Scouler’s Bluebell (Campanula scouleri)
This small, unassuming woodland flower does not immediately seem similar to its more common relative, rotundiflora. For one thing, its blueness is ever so slight; most flowers are nearly white.
John Scouler, who was an assistant to David Douglas, had several other plants named after him including a corydalis.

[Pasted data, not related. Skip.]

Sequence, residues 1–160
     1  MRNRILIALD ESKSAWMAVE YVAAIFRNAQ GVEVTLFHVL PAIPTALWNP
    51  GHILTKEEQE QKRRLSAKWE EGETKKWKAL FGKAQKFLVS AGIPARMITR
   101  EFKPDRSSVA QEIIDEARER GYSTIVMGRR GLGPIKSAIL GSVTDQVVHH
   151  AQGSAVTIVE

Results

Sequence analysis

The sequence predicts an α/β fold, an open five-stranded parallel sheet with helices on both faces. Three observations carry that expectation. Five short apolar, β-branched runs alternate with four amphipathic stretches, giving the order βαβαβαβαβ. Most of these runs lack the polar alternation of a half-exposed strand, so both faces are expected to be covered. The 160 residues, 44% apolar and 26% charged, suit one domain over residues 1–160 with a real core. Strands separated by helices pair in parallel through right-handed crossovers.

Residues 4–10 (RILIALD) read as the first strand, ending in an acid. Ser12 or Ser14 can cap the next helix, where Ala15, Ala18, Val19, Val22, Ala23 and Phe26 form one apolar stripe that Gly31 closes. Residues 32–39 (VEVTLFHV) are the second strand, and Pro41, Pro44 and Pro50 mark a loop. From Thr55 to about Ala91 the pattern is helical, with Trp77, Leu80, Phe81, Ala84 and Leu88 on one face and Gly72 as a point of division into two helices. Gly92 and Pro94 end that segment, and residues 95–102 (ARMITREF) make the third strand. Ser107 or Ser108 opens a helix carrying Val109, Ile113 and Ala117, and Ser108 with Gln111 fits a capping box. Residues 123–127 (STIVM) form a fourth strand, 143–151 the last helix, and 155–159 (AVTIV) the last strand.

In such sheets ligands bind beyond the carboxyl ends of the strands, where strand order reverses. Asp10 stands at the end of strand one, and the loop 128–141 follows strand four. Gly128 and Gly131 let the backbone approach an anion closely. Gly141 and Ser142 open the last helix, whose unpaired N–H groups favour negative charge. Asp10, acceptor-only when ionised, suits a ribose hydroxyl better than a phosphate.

Harebells are examples of “perfect” flowers, containing both male and female reproductive parts (sometimes called hermaphroditic). The female part, the pistil, projects far beyond the petals, with the goal of catching pollen from nearby flowers or insects. The male parts, or anthers, can be seen around the base of the pistil. If the flower is pollinated, as below, the pistol remains pointed straight ahead (and darkens). If not, it splits into two or three parts which coil back toward the anthers to self-pollinate, as above, and in the last photo below.